During a conversation with CNN’s Fareed Zakaria, Biden signaled that he was working on a deal with Turkiye and Greece to strengthen NATO defense capabilities while facilitating Sweden’s entry into the alliance.

Turkiye will soon present the accession protocol for Sweden to the Turkish parliament, which will subsequently vote on its approval. However, no specific timeline has been announced for Sweden’s immediate membership, and the Turkish parliament, which is mainly controlled by a coalition led by Erdogan’s party, goes on holiday soon.

Turkiye has long accused Sweden of permitting the outlawed Kurdistan Workers’ Party, or PKK, to operate and raise funds, while also criticizing Stockholm for recent Islamophobic demonstrations, including the burning of the Qur’an.

Despite these challenges, the two countries have collaborated closely to address Turkiye’s security concerns. Sweden recently amended its constitution, tightened its anti-terrorism laws, and resumed arms exports to Turkiye. Sweden also cooperated with Turkish security officials to track terrorist activities.

Emre Caliskan, a research fellow at the UK-based Foreign Policy Centre, said this is a typical example of Erdogan’s leadership as the process is always more important than the result for him.

“His aim is to show that Turkiye is an indispensable part of the Western system, but at the same time to send the message that we are not surrendering to you. In doing so, he forced Western leaders, who refused to meet with him before, to call him once a week,” said Caliskan.

Additionally, Turkiye and Sweden have agreed to establish a new bilateral security compact, with Stockholm presenting a roadmap for its ongoing counterterrorism efforts. NATO will also create a special coordinator for counterterrorism within the alliance.

According to Bohl, while Turkiye’s efforts to end defense boycotts by new NATO members Finland and Sweden may enhance cohesion within the alliance, Turkiye is likely to maintain its own working relationship with Russia, potentially positioning Ankara as a NATO outlier in its confrontation with Moscow.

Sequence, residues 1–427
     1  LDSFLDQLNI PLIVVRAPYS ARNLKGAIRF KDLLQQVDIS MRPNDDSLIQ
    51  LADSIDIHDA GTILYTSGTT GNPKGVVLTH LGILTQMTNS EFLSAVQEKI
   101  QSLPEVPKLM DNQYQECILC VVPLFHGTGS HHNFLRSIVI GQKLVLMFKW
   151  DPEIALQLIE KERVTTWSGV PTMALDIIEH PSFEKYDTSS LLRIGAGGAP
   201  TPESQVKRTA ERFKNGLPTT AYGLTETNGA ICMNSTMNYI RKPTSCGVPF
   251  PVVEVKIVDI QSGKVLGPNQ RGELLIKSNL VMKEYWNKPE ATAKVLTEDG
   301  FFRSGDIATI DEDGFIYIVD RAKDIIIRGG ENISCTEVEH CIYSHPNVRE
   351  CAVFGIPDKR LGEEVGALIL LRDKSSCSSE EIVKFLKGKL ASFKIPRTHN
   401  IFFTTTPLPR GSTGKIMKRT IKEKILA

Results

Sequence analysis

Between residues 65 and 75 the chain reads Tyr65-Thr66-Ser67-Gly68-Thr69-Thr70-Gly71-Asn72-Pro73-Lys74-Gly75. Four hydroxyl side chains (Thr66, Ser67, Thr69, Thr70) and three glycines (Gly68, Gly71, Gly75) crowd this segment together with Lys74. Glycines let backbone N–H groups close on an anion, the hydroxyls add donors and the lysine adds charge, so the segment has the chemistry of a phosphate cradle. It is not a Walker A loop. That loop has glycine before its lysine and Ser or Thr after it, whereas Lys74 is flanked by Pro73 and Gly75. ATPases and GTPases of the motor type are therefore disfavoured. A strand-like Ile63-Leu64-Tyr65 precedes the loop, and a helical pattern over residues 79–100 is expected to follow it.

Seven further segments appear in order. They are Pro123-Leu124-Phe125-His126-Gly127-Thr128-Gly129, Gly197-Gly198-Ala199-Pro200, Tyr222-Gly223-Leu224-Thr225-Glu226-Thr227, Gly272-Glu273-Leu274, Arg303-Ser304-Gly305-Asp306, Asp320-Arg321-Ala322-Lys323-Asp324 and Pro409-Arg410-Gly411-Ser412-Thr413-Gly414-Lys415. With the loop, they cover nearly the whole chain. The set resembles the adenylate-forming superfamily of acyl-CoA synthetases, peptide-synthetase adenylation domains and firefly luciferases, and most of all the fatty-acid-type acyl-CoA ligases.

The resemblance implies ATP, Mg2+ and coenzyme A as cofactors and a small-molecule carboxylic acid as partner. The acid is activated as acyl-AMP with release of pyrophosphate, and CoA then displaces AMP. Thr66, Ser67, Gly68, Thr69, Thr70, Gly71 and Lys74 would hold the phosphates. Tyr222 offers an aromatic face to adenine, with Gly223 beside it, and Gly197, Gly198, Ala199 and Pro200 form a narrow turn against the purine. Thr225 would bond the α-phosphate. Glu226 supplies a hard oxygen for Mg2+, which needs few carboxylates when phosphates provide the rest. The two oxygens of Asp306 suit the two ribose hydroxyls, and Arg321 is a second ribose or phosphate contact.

Following Erdogan’s victory in the presidential elections in May, the decision not to obstruct Sweden’s membership could generate significant political and economic optimism, reinforcing his position amid the ongoing depreciation of the Turkish lira.

Paul T. Levin, director of Stockholm University’s Institute for Turkish Studies, doesn’t think Ankara can leverage Swedish NATO accession to force the EU to open up accession negotiations or to push the Customs Union modernization and visa liberalization.

“For instance, Ankara hasn’t fulfilled a number of criteria for visa liberalization, including amendments to its terrorism law. But, I do expect the F-16 deal to go through. US promises of deepening defense cooperation was the pre-condition to get Ankara to say yes to Swedish accession,” he told Arab News.

According to Levin, the bilateral security compact is a way for Ankara and the Turkish audience to feel a little more relaxed about Sweden’s continuous work on counterterrorism efforts after Ankara removed its veto.

“Based on my conversations with Swedish officials, they are serious about being tough on PKK in particular and they won’t backtrack on their fight against terrorism,” he said.

For Levin, Erdogan has gained a position in the center of NATO enlargement affairs with the Swedish accession saga.

“But it is a short-term win. In the long term, Erdogan has damaged Turkiye’s standing within the alliance by appearing as a troublemaker. It is a double-edged sword,” he added.